• Items that can be touched by numerous people should be removed from the sanctuary.
  • All worship participants and leaders must wear masks.
  • Singing should only be done with masks in place. Choirs should not participate in worship for the foreseeable future. Special music should be offered by individuals.
  • If the church offers multiple services, congregants arriving for the next service will be asked to remain in their cars until the previous attendees have left the facility and the sanctuary has been sanitized.
  • The Sacrament of Holy Communion should be served in ways that are safe in the pews.
  • The Offering should be received in a safe manner. Consider online giving, a stationary giving box or postal mail.
  • Continue offering options for online worship for those at-risk populations and those who do not feel safe returning to worship.
  • The Sanctuary should be sanitized after each use.
  • Treat all indoor in-person gatherings (weddings, funerals, support groups, etc.) with the same guidelines as for worship.

Part 4: Planning for Ministry ReLaunch
Although this uncertain future will one day be over and we will be able to resume church as we knew it before, we need to take what we have learned from this experience and make our churches and ministries stronger from it.

    1. How has COVID-19 made you think differently about how you worship?
    2. In what ways have you grown in your understanding of technology and the many benefits of Zoom, Facebook, online giving, YouTube, etc.
    3. How has your mission strategy changed because of the coronavirus pandemic?
    4. How will you prepare your church for a potential second wave of COVID-19 infections or future crises that force you to change how you worship?
    5. How will you continue using Zoom, Facebook, YouTube, etc. as a way to connect with your church members who are unable to attend your church service in person due to various health or physical limitations?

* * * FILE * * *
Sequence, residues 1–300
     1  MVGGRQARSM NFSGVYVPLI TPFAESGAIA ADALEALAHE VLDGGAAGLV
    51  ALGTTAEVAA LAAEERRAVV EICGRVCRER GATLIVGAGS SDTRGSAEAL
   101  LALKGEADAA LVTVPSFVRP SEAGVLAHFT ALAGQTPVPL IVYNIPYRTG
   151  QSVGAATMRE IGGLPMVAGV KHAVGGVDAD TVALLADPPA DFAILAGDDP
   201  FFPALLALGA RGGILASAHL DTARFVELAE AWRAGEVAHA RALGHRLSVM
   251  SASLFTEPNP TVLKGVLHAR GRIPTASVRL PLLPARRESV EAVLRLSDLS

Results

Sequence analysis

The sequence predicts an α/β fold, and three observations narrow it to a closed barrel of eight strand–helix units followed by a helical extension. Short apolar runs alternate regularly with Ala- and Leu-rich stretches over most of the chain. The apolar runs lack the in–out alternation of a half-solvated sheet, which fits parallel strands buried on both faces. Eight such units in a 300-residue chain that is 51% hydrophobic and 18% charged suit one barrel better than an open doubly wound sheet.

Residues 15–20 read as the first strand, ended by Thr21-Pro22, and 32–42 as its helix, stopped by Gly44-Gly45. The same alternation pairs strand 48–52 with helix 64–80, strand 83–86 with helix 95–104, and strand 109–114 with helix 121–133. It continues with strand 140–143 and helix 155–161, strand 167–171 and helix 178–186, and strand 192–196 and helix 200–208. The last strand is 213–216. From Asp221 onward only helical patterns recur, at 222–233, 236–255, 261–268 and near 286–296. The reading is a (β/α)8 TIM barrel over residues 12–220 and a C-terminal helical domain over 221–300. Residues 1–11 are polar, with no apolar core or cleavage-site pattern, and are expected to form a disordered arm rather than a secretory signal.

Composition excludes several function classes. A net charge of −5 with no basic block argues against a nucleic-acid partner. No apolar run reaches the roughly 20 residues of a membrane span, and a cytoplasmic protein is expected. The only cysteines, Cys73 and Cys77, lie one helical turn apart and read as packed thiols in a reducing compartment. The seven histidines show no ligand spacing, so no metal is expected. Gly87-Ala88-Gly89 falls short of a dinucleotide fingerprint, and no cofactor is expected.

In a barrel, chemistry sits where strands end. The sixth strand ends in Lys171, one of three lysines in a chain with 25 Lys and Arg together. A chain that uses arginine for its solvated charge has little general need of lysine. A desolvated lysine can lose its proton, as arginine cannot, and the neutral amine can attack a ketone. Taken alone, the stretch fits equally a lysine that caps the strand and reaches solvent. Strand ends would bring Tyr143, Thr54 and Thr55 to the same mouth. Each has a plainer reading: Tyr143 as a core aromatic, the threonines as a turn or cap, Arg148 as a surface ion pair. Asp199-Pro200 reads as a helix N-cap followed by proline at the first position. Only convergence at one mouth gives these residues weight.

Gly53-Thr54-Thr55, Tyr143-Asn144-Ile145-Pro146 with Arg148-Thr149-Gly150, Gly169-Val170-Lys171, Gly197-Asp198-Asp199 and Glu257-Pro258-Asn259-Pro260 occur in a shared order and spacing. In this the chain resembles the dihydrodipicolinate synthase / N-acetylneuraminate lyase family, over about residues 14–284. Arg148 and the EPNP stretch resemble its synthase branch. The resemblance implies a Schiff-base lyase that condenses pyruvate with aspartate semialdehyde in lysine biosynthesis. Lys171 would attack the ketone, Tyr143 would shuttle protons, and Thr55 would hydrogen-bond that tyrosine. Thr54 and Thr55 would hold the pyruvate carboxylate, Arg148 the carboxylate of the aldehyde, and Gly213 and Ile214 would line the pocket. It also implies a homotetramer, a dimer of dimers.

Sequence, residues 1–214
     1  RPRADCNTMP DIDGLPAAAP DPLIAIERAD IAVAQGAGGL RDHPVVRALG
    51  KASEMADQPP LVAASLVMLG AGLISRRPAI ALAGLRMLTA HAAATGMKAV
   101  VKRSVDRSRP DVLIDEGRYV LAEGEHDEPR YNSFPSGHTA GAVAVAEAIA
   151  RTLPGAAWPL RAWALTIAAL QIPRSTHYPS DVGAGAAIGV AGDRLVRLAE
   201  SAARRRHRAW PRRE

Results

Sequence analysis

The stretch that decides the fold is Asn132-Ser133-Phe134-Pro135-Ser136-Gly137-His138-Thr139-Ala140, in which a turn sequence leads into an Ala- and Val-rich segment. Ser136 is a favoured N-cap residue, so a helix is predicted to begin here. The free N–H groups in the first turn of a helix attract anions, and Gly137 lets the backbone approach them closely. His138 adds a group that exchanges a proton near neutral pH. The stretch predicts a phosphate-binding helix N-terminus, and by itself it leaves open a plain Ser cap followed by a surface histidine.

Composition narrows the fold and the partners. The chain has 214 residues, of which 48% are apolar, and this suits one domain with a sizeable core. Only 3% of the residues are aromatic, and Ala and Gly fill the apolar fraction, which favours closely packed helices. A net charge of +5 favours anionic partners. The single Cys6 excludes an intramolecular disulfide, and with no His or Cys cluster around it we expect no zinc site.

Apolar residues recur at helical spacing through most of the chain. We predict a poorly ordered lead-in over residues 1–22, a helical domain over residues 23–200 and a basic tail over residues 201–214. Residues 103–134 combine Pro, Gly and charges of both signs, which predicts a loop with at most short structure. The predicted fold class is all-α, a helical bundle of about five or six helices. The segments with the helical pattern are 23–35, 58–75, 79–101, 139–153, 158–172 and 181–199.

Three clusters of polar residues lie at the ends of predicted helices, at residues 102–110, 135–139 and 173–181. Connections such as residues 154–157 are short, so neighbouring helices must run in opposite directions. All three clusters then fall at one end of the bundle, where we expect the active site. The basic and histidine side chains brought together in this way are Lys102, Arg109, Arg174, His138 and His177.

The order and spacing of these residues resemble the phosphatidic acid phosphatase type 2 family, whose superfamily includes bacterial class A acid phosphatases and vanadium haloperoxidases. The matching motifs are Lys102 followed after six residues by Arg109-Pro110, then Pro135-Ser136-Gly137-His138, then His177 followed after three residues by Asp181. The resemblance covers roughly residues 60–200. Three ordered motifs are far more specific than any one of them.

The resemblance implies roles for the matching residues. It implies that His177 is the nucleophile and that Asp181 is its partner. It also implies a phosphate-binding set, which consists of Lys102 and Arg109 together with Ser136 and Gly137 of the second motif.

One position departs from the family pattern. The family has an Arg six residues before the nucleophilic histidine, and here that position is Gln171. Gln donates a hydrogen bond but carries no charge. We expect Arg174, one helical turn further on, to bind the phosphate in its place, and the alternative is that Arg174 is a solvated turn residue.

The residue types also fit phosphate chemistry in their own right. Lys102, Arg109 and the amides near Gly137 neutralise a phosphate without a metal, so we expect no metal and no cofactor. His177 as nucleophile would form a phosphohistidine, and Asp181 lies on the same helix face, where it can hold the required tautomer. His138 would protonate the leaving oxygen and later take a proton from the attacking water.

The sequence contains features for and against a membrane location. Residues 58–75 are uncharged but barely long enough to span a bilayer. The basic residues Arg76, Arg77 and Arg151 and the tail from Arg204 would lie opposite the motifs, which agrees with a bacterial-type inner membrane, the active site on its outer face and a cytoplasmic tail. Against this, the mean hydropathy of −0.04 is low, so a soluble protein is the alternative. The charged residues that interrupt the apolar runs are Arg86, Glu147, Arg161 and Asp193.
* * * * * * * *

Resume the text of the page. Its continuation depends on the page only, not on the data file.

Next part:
6. How will you continue keeping your church building free from the spread of viruses or bacteria that can harm the physical well-being of your church members?
    7. Which programs or ministries should be re-evaluated to better serve the needs of your congregation and community?

Part 5: Legal Advice 
Michelle Ator, Chancellor for the Arkansas Conference of the United Methodist Church, has provided COVID-19 legal advice for trustees.

In accordance with The Discipline, The Arkansas Conference of the United Methodist Church cannot direct the actions of the trustees of a local church. In the strongest terms, however, the Conference urges all local church leaders to make themselves familiar with Arkansas Department of Health and CDC guidelines and to put them into practice immediately, if they have not already done so.

Local church trustees are reminded that The Discipline provides that subject to the discretion of the charge conference, they have supervision, oversight and care of all property of the local church. Under Arkansas law, this includes the responsibility to see that church premises are used in a reasonably safe manner. Trustees are urged to take reasonable steps to maintain the health of staff, members and visitors, including following current guidelines with respect to COVID-19 precautions.